Union Civil War – UFW Replaces UFCW In Ventura County – May Have Government Sponsored Health Plan to Thank

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12/11/2017

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Union Civil War – UFW Replaces UFCW In Ventura County –
May Have Government Sponsored Health Plan to Thank

By: Michael C. Saqui

The United Farm Workers (“UFW”) recently won an election to replace the United Food and Commercial Workers Union (“UFCW”) at a group of growers and nurseries in Oxnard. The UFW beat out the UFCW and “no union” options by a handy 25% margin. Hiji Bros. Inc., Seaview Growers, Inc., and Ventura County Nursery will now have to bargain with the UFW. Some have speculated that recent legislative activity and the UFW’s now taxpayer-subsidized health plan may have played a role in the recent union victory. This is just the first of many battles between these two unions which are expected to continue throughout the summer.

In October of 2015, California Governor Jerry Brown signed SB 145, which subsidizes the UFW’s Robert F. Kennedy Farm Worker Health Plan to the tune of $3 million per year for California taxpayers. The health plan, a trust created 46 years ago, provides medical coverage for over 13,000 farmworker families every year. Unfortunately for the health plan, the Affordable Care Act required the health plan to provide expanded healthcare coverage, which the UFW could not support without purchasing additional stop-gap insurance for any excessive claims which its cash reserves and member contributions could not cover. The funding secured by the bill allows the UFW to purchase that insurance.

The UFW and State Senator Dr. Richard Pan touted the bill actually being a money-saver despite being a spending bill. They reasoned that any workers not able to obtain coverage if the UFW’s health plan was cancelled, would overburden the Medi-Cal system and end up costing California more money in the long run. However, the Department of Finance was unable to find any evidence to support that claim. The Department also suggested that the health plan could alternatively seek to subsidize the cost of health insurance on the private market for undocumented individuals rather than seek the 3 million dollar per year bailout. Further, the Department explained another problem with the bailout is that the health plan would not be subject to the same consumer protection rights as other plans and enrollees could be subject to much higher out of pocket expenses than alternatives because the health plan is a Taft-Hartley plan. Taft-Hartley plans are self-funded healthcare programs formed as a joint venture between unions and usually multiple employers which are exempt from certain state insurance regulations.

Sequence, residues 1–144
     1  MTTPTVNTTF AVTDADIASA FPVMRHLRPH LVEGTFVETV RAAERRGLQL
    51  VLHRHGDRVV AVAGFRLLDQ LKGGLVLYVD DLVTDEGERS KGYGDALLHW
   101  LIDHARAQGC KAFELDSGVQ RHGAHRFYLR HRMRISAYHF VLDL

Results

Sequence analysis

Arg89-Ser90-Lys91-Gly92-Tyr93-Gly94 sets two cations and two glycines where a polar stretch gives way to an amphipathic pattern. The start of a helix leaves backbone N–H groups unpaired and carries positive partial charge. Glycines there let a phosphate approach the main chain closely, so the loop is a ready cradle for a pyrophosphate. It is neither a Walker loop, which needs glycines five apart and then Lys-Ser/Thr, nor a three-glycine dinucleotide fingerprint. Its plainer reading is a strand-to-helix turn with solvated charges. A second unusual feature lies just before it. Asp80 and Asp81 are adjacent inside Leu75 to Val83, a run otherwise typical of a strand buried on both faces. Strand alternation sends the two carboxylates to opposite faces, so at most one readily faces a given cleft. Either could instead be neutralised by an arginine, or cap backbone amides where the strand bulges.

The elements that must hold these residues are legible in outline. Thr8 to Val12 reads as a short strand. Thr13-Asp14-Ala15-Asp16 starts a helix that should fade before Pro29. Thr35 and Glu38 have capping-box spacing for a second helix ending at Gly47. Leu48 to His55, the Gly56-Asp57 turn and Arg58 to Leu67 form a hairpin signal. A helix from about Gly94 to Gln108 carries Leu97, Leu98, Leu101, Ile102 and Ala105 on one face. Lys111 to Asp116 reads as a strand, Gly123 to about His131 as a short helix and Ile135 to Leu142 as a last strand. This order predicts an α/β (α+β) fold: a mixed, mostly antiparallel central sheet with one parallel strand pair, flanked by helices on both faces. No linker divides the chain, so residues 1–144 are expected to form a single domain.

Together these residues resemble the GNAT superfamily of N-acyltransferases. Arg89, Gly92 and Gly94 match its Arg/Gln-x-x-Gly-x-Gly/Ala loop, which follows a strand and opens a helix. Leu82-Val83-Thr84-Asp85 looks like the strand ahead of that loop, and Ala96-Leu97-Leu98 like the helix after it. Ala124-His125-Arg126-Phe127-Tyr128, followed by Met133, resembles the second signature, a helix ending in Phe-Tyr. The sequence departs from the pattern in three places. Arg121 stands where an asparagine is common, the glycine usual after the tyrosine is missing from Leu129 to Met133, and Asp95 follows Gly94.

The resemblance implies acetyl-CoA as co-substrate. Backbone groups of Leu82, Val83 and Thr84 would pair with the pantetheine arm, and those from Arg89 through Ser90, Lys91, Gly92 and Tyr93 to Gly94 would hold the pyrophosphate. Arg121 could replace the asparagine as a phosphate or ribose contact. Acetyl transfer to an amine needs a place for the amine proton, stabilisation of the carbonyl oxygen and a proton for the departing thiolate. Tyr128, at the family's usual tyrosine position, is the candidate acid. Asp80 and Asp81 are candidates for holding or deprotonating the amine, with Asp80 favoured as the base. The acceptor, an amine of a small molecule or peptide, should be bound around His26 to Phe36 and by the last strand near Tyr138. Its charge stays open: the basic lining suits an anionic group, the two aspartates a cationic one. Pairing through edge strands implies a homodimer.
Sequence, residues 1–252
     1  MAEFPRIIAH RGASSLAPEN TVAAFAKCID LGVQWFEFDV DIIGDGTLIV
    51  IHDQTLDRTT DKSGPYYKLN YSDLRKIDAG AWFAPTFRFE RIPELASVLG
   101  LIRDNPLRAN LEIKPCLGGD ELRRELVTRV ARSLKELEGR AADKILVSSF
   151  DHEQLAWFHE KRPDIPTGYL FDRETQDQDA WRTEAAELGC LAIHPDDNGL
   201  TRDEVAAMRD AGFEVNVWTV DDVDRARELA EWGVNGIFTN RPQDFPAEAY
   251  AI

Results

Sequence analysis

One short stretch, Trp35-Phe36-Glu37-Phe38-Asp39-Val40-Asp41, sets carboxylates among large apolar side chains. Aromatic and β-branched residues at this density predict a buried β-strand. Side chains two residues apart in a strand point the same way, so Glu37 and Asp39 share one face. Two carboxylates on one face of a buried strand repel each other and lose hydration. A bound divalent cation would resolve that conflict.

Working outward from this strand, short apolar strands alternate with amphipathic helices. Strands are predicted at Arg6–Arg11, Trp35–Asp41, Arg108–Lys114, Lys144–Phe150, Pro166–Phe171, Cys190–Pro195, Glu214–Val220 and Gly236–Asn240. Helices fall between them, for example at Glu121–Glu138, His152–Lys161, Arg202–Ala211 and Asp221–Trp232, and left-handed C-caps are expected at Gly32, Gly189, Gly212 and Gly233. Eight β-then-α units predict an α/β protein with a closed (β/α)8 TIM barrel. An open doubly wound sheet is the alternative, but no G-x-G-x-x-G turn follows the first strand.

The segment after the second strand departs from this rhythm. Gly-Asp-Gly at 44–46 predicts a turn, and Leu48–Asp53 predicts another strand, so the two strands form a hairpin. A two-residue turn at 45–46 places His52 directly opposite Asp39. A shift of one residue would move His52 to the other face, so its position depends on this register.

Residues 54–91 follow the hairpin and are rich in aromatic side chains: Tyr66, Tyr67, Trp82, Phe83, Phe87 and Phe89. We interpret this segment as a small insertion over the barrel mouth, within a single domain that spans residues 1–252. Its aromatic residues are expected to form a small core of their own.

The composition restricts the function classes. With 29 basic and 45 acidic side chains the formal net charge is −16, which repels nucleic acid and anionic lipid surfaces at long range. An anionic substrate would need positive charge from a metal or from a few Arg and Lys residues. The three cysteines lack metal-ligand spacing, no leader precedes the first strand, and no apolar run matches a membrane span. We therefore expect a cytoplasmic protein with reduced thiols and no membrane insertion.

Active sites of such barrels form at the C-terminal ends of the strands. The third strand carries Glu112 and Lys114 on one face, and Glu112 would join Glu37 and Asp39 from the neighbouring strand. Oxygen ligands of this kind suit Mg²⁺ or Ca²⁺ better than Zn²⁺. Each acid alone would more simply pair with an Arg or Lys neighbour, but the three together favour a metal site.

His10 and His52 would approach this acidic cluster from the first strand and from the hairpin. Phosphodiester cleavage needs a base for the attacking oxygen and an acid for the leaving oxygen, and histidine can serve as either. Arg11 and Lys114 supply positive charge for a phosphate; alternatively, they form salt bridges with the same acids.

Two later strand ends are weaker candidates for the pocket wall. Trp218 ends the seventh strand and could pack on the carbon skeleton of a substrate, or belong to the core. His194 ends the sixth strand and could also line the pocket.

Much criticism has been lobbed at the bill asking why the UFW’s plan gets special bailout treatment and “most favored union” status, while most every other health plan has absorbed the cost of compliance with the Affordable Care Act. The bill also offered no state oversight of either the administration of the health plan or quality of and access to care paid for by the plan, so taxpayers get no insight into what they are actually paying for. The UFCW and other unions may have difficulty fighting off the UFW when it has weapons provided by the State of California. However, the UFCW did recently increase its resources by rejoining the AFL-CIO in late 2013.

COUNSEL TO MANAGEMENT

The UFW’s new subsidy to its health plan is definitely a selling point that the union will be touting as it runs its campaign this season. As this election in Oxnard shows, other unions like the UFCW and even employers may not be able to compete with the UFW’s health plan when it is backed by the spending power of the State of California. The bill is set to sunset in 2021, but in the meantime employers should be ready to counter this selling point in the Union’s campaign propaganda. As the UFCW and UFW battle it out, the UFW may also attempt to claim credit for California’s recent minimum wage to $15.00/hour. The UFW is also supporting a pending bill which would require overtime pay for farm workers after 8 hours of work rather than the current 10 hours.

Employers should also be ready for the unique consequences of having competing unions fighting it out for the hearts and minds of workers. Employers must refrain from creating any appearance of support for one union or another when the fighting bleeds into the fields or the workplace. However, unique opportunities are raised during this period of shifting allegiances which may allow employers to convince employees to vote against any union representation whatsoever. This election also shows that the UFW may now be looking to expand its focus and turn its efforts towards nurseries or secondary commercial operations as well. If your company is facing an election or union organizing, turn to the experts at The Saqui Law Group, who have already established a winning record under the NLRB’s new ambush election rules.

 


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